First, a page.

Jordan J. Ballor (Dr. theol., University of Zurich; Ph.D., Calvin Theological Seminary) is a senior research fellow and director of publishing at the Acton Institute for the Study of Religion & Liberty. He is also a postdoctoral researcher in theology and economics at the VU University Amsterdam as part of the "What Good Markets Are Good For" project. He is author of Get Your Hands Dirty: Essays on Christian Social Thought (and Action) (Wipf & Stock, 2013), Covenant, Causality, and Law: A Study in the Theology of Wolfgang Musculus (Vandenhoeck & Ruprecht, 2012) and Ecumenical Babel: Confusing Economic Ideology and the Church's Social Witness (Christian's Library Press, 2010), as well as editor of numerous works, including Abraham Kuyper Collected Works in Public Theology. Jordan is also associate director of the Junius Institute for Digital Reformation Research at Calvin Theological Seminary.

Posts by Jordan J. Ballor

Tribalism and the dangers of identity economics

Occasioned by some local controversy over a political endorsement by the Grand Rapids Chamber of Commerce, in the Detroit News today I have a piece worrying about the implications of what might be called ‘identity economics,’ or “where we only agree to economic transactions with those who agree with us on an ever-growing list of moral or even political shibboleths.” A highlight: The deleterious effects of limiting our economic and social interactions on the basis of visible characteristics like ethnicity or gender are obvious. Continue Reading...

Adam Smith and the morality of commercial society

Over at Arc Digital today I take a look at Adam Smith’s moral teachings, particularly in light of commercial society and Christian theology. This essay serves as a brief introduction to one of the Moral Markets projects I am working on, as well as a teaser for further exploration of the relationship between Christianity and classical political economy. Continue Reading...

Mini-Review: Advice to a Desolate France

Gene Fant, president of North Greenville University, recently attended Acton University as a presidential fellow. He, like many of us, has a bunch of summer reading lined up, and this includes the short treatise from the sixteenth century, Advice to a Desolate France, by Sebastian Castellio. Continue Reading...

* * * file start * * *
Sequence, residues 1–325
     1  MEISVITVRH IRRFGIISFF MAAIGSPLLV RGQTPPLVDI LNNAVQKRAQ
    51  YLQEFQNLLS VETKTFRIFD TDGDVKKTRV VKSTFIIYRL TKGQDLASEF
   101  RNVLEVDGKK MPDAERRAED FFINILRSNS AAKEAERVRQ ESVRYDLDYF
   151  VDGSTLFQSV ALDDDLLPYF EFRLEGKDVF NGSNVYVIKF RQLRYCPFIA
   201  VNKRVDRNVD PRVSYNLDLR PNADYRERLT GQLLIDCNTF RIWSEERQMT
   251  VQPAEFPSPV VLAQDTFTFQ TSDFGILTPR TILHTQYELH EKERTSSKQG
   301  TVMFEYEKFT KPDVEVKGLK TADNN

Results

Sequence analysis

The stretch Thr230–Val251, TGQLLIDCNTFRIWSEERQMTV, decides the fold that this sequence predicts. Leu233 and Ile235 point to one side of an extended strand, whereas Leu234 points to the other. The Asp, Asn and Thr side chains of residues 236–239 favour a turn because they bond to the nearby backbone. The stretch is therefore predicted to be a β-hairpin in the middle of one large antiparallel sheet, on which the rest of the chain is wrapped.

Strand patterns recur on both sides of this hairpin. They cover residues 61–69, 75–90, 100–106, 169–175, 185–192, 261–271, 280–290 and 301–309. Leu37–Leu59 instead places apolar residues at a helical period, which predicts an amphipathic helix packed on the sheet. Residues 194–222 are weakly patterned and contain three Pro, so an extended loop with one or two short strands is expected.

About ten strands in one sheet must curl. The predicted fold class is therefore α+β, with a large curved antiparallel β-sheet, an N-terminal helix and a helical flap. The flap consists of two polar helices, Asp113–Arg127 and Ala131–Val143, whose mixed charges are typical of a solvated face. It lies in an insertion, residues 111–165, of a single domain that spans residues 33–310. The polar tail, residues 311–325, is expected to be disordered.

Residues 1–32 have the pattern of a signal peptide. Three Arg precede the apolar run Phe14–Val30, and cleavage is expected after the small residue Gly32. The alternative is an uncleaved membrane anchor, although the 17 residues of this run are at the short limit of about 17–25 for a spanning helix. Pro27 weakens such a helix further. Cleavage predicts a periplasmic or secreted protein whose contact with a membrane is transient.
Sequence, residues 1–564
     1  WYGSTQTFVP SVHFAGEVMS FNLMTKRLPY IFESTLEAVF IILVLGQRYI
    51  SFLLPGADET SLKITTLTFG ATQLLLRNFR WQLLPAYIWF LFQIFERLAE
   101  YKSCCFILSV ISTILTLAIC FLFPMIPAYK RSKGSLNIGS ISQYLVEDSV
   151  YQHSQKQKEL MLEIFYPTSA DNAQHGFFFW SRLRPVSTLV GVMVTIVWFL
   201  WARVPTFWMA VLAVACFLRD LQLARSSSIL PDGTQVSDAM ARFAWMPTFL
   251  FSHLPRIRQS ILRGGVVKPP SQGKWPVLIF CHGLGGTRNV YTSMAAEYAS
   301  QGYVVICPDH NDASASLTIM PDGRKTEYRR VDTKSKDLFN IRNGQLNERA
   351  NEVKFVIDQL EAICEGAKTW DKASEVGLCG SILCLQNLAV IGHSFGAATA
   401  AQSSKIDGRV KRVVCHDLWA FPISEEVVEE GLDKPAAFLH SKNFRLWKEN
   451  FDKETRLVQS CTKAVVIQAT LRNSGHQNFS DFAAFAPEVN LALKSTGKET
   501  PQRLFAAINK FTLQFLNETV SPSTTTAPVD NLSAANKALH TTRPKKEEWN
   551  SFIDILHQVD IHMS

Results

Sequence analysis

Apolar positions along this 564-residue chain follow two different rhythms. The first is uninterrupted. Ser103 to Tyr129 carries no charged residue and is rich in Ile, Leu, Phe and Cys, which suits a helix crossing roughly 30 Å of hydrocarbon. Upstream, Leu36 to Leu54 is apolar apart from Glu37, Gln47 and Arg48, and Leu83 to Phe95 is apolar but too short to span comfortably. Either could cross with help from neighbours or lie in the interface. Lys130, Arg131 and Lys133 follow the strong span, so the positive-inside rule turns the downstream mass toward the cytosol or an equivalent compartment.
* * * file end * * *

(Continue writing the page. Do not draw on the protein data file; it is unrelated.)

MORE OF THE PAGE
First Reformed: The toxic mess of syncretism

There’s a lot to process in Paul Schrader’s latest film, “First Reformed.” The first half of the film sets up as a powerful, even brilliant, study of spiritual desolation and the cross-currents of modern idolatry and traditional religion. Continue Reading...

A trade ‘war’ preemptive strike

Over at Providence today, I say a bit about the Trump administration’s trade policy as well as the President’s rhetoric. Here’s a snip: A sober defense of free trade aspires toward freer and freer exchange, even while it recognizes the necessities of incremental improvements and the messiness of politics. Continue Reading...

Incredibles 2: Making superheroes great again

I saw Incredibles 2 over the Father’s Day weekend, and just like its predecessor, there’s a lot to ponder beneath the surface of this animated film. In the real world we’ve had to wait 14 years, but the sequel picks up basically where the original left off. Continue Reading...

Kuyper Conference: Faith, Freedom and Education

Last month the Acton Institute co-sponsored the 2018 Kuyper Conference hosted by Calvin College & Seminary. Acton’s support of the conference included the organization of a panel discussion on “Faith, Freedom, and Education,” which featured Harry Van Dyke of Redeemer University College, Charles L. Continue Reading...

The economics and morality of infinity

In this week’s Acton Commentary I take on Thanos’ zero-sum economic worldview as manifest in Avengers: Infinity War. In the classic debate over positivity and normativity in economics, Thanos is definitely not a value-free figure. Continue Reading...

The (just) price of salt (and cancer drugs)

A recent episode of the very fine podcast EconTalk reminded me of one of the more remarkable episodes during my time here at the Acton Institute involving our internship program. The EconTalk episode is about the price of cancer drugs, and the various factors that go into the often astronomical prices of the latest cancer-fighting drugs. Continue Reading...